The following comes from a May 16 news release from Stanford University:
The Stanford committee working to establish principles for reconsidering and renaming such campus landmarks as streets and buildings is inviting members of the university community to offer their suggestions about criteria that ought to be considered.
Feedback can be submitted to the committee through its webpage until Monday, June 6.
The eight-person committee, composed of faculty and students and chaired by historian David Kennedy, has already begun meeting and has made progress in refining the committee’s charge and reviewing case studies from other colleges and universities.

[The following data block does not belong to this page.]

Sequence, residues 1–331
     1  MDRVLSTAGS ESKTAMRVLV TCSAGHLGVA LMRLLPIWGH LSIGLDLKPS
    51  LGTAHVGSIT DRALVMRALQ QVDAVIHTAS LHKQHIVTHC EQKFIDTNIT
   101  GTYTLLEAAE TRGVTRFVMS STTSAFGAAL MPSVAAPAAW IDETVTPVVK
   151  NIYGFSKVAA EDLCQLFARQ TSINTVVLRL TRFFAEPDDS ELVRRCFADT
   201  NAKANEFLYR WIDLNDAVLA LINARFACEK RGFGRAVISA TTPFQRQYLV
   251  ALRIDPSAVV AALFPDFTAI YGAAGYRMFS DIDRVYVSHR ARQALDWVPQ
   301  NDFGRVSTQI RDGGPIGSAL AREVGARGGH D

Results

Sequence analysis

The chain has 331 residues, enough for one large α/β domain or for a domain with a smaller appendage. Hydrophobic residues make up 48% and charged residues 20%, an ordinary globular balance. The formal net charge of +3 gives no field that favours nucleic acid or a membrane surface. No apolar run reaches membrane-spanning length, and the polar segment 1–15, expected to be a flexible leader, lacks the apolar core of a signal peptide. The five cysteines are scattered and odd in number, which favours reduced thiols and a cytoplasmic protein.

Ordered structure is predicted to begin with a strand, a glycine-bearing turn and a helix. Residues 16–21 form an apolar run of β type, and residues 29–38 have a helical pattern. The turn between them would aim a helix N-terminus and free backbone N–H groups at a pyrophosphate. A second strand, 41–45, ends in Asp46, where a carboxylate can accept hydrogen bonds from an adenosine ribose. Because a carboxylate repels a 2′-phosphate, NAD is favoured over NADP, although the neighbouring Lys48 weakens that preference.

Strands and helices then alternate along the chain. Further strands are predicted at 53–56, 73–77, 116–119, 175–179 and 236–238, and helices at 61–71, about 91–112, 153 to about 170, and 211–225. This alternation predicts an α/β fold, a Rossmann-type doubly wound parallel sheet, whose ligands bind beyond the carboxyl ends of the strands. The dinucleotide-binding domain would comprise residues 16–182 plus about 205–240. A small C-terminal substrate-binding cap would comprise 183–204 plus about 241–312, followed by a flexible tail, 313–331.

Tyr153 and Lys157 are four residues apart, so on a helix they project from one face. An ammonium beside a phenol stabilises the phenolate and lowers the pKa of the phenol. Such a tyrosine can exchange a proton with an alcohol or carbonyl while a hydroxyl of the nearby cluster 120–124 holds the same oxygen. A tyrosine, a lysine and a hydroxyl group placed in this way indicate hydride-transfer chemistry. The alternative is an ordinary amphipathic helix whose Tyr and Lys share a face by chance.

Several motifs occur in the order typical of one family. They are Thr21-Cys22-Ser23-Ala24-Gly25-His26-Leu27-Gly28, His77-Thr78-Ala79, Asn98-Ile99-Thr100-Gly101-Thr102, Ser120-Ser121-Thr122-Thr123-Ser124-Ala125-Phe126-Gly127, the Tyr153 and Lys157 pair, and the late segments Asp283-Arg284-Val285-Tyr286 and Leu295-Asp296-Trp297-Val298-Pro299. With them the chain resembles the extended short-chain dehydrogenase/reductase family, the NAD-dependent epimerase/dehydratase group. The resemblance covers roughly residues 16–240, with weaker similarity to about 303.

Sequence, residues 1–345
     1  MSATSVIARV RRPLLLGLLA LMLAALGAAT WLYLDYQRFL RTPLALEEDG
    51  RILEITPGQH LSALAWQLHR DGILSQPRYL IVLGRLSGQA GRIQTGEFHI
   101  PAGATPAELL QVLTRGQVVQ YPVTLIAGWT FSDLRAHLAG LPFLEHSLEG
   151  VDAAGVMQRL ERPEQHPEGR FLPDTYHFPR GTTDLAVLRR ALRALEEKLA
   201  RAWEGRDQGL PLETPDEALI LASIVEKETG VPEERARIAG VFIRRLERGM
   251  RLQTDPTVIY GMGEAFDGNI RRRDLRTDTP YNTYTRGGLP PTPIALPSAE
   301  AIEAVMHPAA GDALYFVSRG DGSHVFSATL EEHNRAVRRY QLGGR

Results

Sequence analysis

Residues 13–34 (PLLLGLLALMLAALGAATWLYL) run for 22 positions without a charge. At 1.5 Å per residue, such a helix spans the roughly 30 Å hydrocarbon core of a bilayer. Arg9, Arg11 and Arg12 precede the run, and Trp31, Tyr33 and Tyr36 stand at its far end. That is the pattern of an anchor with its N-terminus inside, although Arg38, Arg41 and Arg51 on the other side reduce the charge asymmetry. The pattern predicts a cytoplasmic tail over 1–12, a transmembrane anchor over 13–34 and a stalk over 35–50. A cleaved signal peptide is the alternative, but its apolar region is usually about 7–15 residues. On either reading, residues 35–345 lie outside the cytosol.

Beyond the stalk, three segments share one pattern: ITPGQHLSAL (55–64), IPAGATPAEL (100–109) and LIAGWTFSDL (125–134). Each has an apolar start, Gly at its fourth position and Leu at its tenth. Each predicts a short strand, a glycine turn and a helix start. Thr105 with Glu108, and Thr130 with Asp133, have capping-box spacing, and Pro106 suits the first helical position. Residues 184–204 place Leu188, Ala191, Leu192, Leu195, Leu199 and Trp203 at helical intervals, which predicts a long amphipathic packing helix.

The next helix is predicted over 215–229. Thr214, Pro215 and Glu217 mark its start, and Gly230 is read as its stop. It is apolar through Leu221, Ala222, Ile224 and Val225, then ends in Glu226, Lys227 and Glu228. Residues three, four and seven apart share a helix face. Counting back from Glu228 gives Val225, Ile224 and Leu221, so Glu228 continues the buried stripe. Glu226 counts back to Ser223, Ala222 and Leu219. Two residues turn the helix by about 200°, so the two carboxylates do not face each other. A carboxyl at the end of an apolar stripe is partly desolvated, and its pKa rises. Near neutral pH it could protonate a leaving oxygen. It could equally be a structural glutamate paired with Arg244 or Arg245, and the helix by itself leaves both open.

Kennedy said everyone asked to join the committee agreed, which, he said, “tells us something about the seriousness with which they take this issue and how conscientiously they will work on it.”
In studying other colleges and universities, committee members discovered how vital community outreach is to their proceedings, according to Laura Jones, university archeologist and director of heritage services, who staffs the group.
The committee was formed in March by President John Hennessy and Provost John Etchemendy to establish principles for considering the renaming of campus streets and buildings in light of concerns raised by students about landmarks named for Junipero Serra. Serra was a Roman Catholic Spanish priest who founded the mission network in California. Although considered a saint by the Catholic Church, Serra’s treatment of Native Americans has come under scrutiny in recent years. Among the streets and buildings that bear the Serra name are Serra Mall, which fronts the Main Quadrangle; Serra House, home to the Clayman Institute for Gender Research; and Serra, an undergraduate residence within Stern Hall.